In his 52 years of life, he virtually turned the Nigeria corporate terrain into a mosaic of his foot prints. Aside from more than ten companies in his stable, he also sat on the boards of several up market companies both within and outside the country. Some of these include Oil Exploratory Company Limited, Marine and General Assurance Company Limited, Schiffarts and Handelgesellschaft mbh, Hamburgh Germany. He was also a director, First Bank Nigeria Limited, director Nigeria Krafts Bags Limited, director Nigeria Sewing Machine Manufacturing Company Limited, deputy chairman Johnson Wax Nigeria Limited, chairman Rank Xeros (Nigeria) Limited and chairman National Bank of Nigeria Limited.
Unlike his lowly beginning in the world of business, Fajemirokun’s roots in Ile Oluji was Brahminic. Fajemirokun was born a blue blood on 14 July 1926. He started his primary education in 1932 at St Peter’s School, Ile Oluji and left in 1936. After a years break in his schooling, he continued at St Lukes School in the neighbouring town of Oke Igbo where he completed his elementary education. A year after completing his primary education in 1940, Fajemirokun gained admission into the prestigious CMS Grammar School Lagos where he spent a year. Then he crossed over to Ondo Boys’ High School where he spent two years. He left the school in1955 to enlist in the old Royal West African Frontier Force.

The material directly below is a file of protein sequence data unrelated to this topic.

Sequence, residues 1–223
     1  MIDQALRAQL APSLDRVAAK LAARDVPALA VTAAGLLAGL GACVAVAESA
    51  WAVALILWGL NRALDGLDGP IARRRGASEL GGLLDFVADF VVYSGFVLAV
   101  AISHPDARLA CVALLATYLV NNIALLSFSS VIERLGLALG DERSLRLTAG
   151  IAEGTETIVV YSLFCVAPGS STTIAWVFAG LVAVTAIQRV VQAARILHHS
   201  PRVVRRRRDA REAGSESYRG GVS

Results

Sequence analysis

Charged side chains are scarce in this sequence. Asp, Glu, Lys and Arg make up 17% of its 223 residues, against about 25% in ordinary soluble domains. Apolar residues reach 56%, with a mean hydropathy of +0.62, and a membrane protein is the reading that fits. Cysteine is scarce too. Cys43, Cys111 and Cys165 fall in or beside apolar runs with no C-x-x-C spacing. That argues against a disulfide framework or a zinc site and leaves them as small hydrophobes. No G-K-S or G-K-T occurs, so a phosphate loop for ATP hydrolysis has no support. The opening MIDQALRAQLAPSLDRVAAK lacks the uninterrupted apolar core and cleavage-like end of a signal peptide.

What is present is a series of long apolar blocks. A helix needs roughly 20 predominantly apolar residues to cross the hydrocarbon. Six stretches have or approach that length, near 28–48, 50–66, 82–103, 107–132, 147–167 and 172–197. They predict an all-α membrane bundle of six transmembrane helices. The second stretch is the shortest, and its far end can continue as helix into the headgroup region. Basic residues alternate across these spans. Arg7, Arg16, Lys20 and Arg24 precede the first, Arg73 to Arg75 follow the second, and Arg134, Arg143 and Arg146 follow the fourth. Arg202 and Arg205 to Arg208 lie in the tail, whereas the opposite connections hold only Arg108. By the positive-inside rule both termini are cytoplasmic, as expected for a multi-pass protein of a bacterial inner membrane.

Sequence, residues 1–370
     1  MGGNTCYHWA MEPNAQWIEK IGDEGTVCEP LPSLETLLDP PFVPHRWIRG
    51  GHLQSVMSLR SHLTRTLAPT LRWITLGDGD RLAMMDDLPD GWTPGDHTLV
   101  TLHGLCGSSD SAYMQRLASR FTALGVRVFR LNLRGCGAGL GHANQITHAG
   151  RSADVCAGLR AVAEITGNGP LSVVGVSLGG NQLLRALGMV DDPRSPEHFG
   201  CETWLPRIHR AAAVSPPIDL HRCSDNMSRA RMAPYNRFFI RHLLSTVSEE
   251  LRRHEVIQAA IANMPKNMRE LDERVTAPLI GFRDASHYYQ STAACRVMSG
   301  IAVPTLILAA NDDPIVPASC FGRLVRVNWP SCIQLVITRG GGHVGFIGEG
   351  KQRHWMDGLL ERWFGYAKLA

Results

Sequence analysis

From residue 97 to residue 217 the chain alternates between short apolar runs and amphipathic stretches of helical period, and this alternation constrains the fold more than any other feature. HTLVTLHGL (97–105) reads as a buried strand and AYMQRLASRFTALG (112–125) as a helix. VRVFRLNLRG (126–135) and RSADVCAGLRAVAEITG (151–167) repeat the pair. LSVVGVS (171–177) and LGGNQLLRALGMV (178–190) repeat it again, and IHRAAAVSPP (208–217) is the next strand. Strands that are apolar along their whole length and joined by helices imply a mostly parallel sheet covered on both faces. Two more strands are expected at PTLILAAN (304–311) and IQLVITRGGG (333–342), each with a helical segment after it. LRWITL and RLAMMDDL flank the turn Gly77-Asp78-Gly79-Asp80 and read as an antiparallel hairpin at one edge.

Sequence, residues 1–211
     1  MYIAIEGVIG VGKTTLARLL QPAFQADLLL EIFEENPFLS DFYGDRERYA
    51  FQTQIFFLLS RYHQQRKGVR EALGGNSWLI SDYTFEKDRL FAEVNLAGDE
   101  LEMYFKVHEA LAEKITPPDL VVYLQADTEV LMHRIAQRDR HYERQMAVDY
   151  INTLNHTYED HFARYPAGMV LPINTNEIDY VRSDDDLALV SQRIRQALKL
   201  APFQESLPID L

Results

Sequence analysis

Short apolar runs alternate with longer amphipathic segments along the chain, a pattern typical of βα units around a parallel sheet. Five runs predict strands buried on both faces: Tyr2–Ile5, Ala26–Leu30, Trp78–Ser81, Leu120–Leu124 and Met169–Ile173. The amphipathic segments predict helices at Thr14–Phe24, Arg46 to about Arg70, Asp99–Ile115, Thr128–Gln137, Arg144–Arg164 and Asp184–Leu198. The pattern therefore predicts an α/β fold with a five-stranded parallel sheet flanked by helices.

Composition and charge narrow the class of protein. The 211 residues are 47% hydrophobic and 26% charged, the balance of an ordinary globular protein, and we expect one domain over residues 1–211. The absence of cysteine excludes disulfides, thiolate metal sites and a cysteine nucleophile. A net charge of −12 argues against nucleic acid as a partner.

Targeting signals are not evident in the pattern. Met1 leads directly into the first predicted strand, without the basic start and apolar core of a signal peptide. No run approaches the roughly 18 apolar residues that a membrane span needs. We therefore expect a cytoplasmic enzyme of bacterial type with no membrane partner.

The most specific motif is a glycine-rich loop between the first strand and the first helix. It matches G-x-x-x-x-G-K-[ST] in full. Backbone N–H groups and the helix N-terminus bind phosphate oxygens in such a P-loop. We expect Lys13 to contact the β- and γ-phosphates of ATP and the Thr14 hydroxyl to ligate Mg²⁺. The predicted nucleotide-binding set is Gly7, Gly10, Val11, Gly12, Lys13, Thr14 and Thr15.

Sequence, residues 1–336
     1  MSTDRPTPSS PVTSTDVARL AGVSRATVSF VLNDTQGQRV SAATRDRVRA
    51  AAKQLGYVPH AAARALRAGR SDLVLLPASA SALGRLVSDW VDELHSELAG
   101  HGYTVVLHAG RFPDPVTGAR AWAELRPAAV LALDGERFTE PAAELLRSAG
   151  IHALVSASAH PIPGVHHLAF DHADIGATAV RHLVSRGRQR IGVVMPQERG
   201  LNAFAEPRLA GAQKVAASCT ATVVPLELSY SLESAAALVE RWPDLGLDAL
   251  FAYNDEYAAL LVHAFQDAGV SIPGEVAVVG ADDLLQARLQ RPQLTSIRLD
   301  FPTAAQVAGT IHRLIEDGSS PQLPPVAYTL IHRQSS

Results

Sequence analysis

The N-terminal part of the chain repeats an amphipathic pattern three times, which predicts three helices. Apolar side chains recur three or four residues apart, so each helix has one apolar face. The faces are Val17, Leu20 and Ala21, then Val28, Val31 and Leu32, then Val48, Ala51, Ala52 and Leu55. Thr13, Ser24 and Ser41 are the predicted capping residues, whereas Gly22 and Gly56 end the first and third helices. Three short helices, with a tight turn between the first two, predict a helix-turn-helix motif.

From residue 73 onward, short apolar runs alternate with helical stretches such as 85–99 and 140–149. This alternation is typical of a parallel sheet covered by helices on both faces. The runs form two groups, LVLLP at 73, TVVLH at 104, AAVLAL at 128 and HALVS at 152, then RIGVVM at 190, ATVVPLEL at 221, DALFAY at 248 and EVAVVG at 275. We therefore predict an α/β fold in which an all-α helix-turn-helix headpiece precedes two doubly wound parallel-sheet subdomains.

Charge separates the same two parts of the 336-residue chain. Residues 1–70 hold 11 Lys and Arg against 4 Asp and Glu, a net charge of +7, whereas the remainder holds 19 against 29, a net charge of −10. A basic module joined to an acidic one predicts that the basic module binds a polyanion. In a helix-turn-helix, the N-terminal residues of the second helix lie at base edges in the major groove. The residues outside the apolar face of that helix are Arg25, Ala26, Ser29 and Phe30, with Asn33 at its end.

One year after enlistment he was posted to India to join the 82nd West African Division. He served with distinction at the General Headquarters of the 2nd Echelon. Thansi, of the then United Province India. Fajemirokun’s romance with the military profession lasted for only two years. He returned home in 1946 and joined the Posts and Telegraph Department (P&T) where he developed an interest in trade unionism. His commitment to workers’ welfare culminated in his election as the president general of the Nigerian Civil Service Union in 1957.
As an entrepreneur of towering stature, the appreciation of Fajemirokun’s worth transcended the confines of the corporate environment. His numerous philanthropic gestures were recognised through the conferment of many chieftancy titles on him. In 1968 he was conferred with the title of Yegbata of Ile-Oluji, Asiwaju of Oke-Igbo (1971), Lijoka of Ondo (1973), High Chief Orunta of Ifewara (1974) and the Obaloro of Ado Ekiti (1977). The University of Ife (now Obafemi Awolowo University Ile Ife also conferred on him the Honorary Degree of Doctor of Science in Business Administration in 1972.
Perhaps the only known area where Chief Henry Fajemirokun did not record any success was his desire to move into publishing. His bid to take over controlling shares in the Daily Times Group in 1975 was checkmated by then management of the newspaper which felt that Fajemirokun would have too much power at his disposal if his bid succeeded.
On 15 February 1978, the candescent career of Fajemirokun was suddenly extinguished in Abidjan, Cote D’Ivoire, while leading a trade mission. In 1983, that is, five years after his death, the Federal Government honoured him with a posthumous national award of the Commander of the Order of the Niger (CON). By then, Fajemirokun had strolled into his well earned place in the pantheon of entrepreneurial giants.
-Originally entitled “Henry Fajemirokun: ahead of his Time,” Dotun Adekanmbi contributed this article to People in TheNEWS, 1900-2000, a special publication of this medium in year 2000